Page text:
This is as heroic as the hypothetical man who tried to bomb the white house and claims to be doing it in an attempt to sabotage the U.S.A and liberate it from the corporate enslaving machine that is running the country. Both these men would have a point a very valid one at that. But they cannot be regarded as heroes for one fundamental reason; they did what is against the law, Treason is defined as The betrayal of one's own country by waging war against it or by consciously or purposely acting to aid its enemies
Is this what is meant by heroism, a treasonous act that allegedly helped highlight the plight of the black South African, if it truly helped highlight the plight of the black South African why did it then take 27years for him to be released. And what of the other 7 people who were charged with him, did they receive as much recognition as Mandela? (His co-accused included: Walter Sisulu, Dennis Goldberg, Govan Mbeki, Raymond Mhlaba, Elias Mosoaledi, Andrew Mlangeni - all ANC officials and Ahmed Kathrada, the former leader of the South African Indian Congress. )
And what about FW De Klerk, Mandela played no role in influencing this man to literally sign away his rulership, he simply realised that the world was changing and the world was against them. We no longer lived in a world of racial intolerance and as with all things it is either you adapt or you die off. Once again this had nothing to do with Mandela's "charisma" or heorism, but a lot to do with rationality
In closing i leave you with a quote form Mandela's ex wife Winnie Madikizela Mandela
"Mandela let us down. He agreed to a bad deal for the blacks. Economically, we are still on the outside. The economy is very much 'white'. It has a few token blacks, but so many who gave their life in the struggle have died unrewarded..I cannot forgive him for going to receive the Nobel [Peace Prize in 1993] with his jailer [FW] de Klerk. Hand in hand they went. Do you think de Klerk released him from the goodness of his heart? He had to. The times dictated it, the world had changed, and our struggle was not a flash in the pan, it was bloody to say the least and we had given rivers of blood. I had kept it alive with every means at my disposal"
The betrayal of one's own country by waging war against it or by consciously or purposely acting to aid its enemies.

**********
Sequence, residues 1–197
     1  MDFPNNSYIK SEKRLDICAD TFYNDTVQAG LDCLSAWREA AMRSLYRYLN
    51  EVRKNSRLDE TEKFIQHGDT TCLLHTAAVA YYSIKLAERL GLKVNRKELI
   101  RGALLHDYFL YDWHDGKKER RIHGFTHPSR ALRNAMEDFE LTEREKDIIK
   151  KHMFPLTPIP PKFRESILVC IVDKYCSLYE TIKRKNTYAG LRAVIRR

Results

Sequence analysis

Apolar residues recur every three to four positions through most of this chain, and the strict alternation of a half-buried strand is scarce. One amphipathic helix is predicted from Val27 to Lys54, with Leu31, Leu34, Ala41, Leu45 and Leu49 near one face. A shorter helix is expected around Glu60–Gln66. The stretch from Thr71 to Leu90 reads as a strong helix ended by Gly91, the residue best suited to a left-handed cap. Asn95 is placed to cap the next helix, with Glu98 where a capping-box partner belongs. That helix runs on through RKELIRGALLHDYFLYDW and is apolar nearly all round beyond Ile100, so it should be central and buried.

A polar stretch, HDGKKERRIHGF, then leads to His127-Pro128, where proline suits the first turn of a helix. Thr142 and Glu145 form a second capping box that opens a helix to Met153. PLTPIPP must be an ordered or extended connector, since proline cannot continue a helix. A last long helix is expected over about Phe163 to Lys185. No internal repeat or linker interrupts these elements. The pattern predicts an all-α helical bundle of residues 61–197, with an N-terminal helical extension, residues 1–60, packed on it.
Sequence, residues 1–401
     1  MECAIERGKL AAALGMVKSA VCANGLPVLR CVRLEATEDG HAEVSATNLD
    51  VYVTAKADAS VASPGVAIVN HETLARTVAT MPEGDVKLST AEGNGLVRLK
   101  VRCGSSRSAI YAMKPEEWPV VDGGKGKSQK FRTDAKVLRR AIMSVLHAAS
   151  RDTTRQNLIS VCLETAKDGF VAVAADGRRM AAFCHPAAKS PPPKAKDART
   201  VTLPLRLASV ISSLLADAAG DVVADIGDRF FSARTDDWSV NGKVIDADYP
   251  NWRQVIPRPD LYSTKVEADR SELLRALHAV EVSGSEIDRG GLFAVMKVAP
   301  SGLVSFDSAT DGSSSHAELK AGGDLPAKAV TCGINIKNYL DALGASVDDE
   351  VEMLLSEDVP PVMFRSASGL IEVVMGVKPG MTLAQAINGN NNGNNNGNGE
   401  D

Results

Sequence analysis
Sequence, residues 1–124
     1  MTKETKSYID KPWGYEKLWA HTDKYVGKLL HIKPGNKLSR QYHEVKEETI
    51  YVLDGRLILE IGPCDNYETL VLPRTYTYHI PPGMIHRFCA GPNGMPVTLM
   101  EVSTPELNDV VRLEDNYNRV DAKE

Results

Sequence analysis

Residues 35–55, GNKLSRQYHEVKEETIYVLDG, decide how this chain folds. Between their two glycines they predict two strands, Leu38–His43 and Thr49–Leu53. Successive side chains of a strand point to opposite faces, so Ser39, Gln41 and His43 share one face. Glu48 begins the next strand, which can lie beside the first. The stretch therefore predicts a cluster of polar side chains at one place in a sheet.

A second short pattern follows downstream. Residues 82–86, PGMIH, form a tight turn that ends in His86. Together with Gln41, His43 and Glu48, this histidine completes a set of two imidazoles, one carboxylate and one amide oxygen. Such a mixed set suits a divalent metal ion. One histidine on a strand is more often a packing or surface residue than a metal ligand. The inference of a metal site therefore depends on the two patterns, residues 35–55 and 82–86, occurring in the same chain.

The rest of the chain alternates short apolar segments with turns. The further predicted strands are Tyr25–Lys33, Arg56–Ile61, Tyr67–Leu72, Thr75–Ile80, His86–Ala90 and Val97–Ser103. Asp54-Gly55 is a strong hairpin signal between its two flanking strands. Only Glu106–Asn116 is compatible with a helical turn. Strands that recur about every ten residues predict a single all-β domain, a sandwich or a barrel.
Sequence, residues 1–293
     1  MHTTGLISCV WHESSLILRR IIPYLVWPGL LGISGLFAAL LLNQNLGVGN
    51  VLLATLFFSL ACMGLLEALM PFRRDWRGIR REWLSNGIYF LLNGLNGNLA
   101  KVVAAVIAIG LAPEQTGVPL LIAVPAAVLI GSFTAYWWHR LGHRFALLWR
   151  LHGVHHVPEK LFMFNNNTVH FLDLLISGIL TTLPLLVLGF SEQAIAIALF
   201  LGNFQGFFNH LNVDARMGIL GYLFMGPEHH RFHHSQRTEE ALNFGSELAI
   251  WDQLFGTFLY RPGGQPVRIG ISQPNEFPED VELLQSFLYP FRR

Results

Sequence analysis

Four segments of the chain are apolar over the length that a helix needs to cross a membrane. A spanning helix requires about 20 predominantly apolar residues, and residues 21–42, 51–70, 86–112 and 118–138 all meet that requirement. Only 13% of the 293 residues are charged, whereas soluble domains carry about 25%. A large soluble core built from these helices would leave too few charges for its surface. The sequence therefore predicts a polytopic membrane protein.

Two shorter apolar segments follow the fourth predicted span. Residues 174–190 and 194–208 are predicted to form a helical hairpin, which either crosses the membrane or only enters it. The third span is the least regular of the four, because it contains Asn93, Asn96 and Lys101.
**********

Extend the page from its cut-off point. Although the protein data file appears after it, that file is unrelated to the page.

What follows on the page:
Winnie Mandela denies ever making the statements Pro quoted:
Further, Ms. Mandela states:
"I will in the coming days deal with what I see as an inexplicable attempt to undermine
the unity of my family, the legacy of Nelson Mandela and the high regard with which
the name Mandela is held here and across the globe."
I think Con can safely argue that Pro's quote has been invalidated.
Pro contends that Nelson Mandela is less than courageous, less than outstanding in achievement, less
than noble in quality.
The most important legacy of Nelson Mandela is that he led 50 million people out from Apartheid and into
a state of democracy and constitutional equality. In many ways, this benchmark surpasses that of the
American Founding Fathers who achieved democracy for a much less populous and more homogeneous state.
Unlike Mandela, the Founding Fathers only achieved American Democracy after 7 years of bitter war. Unlike
Mandela, the Founding Fathers left women, and Native Americans, and particularly African Americans out of
the franchise. 60% of the American population had no rights defined by the US Constitution in 1787, resulting
in decades of struggle and war. If Mandela can not be counted a hero, than Pro must also discount the heroism
of the American Founders, a statement I cannot countenance.
Pro argues that Mandela did not achieve this miracle of equality and peace singlehandedly, but that he is nevertheless
credited with the lion's share. I think this is a fair point. There were many great men and women who sacrificed
much and often all to achieve the end of Apartheid. But among all those famous names, only Mandela spoke for every
faction and spoke to every faction. Even within the hostile white majority, Mandela was viewed as the one indispensable
man. As early as 1987, the South African govt. spoke of the end of Apartheid, but until Mandela was free, no South
African considered Apartheid over. The instant of his freedom was the day South Africa changed. Like Gandhi in India,
peace, justice, equality were all contained within the symbol of a single man. Can Pro deny that it takes nobility to rise
to such a burden? Courage to take on the mantle of such high expectation at the age of 80, when most men are ready
to rest? What other living man has been burdened with such responsibility, that he bore with such confidence and